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Flexible Work Arrangements Lead to Logistical Problems, Known as 'Coordination Tax'

S.J. Steinhardt
Published Date:
Jun 17, 2024


The arrival of flexible working arrangements has spawned a new term to describe the logistical challenges of coordinating the time workers spend getting together with their far-flung (or nearby) colleagues, The Wall Street Journal reported: the “coordination tax.”

“You show up, and nobody else from your team is there; then you’re on back-to-back Zoom meetings, which you could have done at home,” said Brian Elliott, a leadership adviser and former Slack executive, in an interview with the Journal.

Acknowledging that hybrid work is here to stay, some companies are adding more structure to remote- and hybrid-work policies. Others are making use of tools to help co-workers coordinate their in-office time. Many workers say the annoyances of coordinating with co-workers aren’t easing with time, the Journal reported.

There are also productivity costs issues. Among 37,000 workers surveyed by software firm Qualtrics last year, the share who said they collaborated effectively with other teams fell to 69 percent from 73 percent a year earlier, the Journal reported. In a recent Microsoft survey of 31,000 working adults, half said they often commuted to the office only to discover their manager or teammates hadn’t. Hybrid employees who said they found it difficult to connect with their teams in person were more likely to report challenges in advancing their careers, and were twice as likely to consider changing employers.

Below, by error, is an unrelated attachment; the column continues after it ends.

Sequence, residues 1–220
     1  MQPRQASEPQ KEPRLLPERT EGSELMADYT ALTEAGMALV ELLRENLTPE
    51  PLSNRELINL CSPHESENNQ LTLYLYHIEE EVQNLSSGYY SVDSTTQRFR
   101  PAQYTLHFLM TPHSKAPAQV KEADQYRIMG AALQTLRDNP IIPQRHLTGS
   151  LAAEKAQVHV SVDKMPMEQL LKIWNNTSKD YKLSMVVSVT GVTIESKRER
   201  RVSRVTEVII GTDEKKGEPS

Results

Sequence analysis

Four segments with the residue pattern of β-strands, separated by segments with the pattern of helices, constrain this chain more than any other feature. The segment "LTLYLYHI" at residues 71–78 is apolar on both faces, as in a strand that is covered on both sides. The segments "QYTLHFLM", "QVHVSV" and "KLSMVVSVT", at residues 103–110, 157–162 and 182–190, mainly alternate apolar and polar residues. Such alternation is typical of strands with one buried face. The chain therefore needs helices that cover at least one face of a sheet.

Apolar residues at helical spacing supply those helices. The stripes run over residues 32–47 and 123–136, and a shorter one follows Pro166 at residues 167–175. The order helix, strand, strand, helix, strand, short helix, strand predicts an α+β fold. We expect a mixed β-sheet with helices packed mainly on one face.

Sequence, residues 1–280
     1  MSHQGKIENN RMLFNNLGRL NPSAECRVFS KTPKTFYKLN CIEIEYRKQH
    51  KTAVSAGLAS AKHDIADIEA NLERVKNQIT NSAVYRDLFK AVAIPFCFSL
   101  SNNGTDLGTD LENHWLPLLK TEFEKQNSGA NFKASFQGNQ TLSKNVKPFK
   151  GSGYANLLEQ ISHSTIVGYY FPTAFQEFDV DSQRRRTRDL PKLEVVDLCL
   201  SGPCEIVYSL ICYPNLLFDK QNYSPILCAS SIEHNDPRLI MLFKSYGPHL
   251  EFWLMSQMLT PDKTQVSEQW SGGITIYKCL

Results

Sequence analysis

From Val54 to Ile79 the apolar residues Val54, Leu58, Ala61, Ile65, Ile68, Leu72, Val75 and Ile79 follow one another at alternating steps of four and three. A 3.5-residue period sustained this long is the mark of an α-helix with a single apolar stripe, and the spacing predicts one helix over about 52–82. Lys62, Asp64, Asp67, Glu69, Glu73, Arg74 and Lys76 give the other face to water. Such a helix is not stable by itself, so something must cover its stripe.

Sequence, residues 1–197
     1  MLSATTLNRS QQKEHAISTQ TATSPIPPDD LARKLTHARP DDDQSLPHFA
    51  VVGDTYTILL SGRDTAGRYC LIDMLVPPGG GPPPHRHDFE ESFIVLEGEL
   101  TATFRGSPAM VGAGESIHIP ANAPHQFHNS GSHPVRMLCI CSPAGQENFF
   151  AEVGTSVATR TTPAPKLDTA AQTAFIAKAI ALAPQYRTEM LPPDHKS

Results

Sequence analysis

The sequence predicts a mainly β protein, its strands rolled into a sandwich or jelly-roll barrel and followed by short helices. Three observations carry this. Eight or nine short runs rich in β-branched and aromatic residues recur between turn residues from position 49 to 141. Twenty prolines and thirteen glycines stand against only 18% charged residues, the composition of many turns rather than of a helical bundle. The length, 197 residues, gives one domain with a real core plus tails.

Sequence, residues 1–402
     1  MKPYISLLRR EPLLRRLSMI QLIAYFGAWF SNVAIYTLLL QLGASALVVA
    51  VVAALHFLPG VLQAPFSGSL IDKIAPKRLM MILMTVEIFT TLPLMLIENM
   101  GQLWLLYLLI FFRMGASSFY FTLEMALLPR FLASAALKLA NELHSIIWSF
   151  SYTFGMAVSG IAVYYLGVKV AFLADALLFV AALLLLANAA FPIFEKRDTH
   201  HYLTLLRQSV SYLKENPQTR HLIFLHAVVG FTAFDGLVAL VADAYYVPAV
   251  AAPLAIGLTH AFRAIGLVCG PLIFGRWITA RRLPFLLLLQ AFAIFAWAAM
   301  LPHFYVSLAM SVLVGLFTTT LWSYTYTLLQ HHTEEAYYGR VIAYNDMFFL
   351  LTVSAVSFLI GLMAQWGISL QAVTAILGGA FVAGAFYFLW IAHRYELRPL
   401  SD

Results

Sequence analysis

In response, companies are making changes. Since the pandemic, adhesives maker H.B. Fuller has let team managers decide how many days the employees reporting to them work in the office. But, as colleagues went weeks without seeing each other, the company asked employees assigned to its St. Paul, Minn., headquarters to come in Tuesday, Wednesday and Thursday during one or two designated weeks a month for collaborative work. The company says office attendance during those periods is 50 percent higher than other times.

Microsoft recently launched an artificial intelligence-powered app for employers that lets workers share location schedules, while Neiman Marcus set up a similar software tool after opening office hubs in several cities. When employees did not use the scheduling tool, the company asked managers to share their own office times in advance, said Eric Severson, chief people officer.

“If I say, ‘In three weeks I’m going to be there on Wednesday,’ now you can arrange your life,” he said.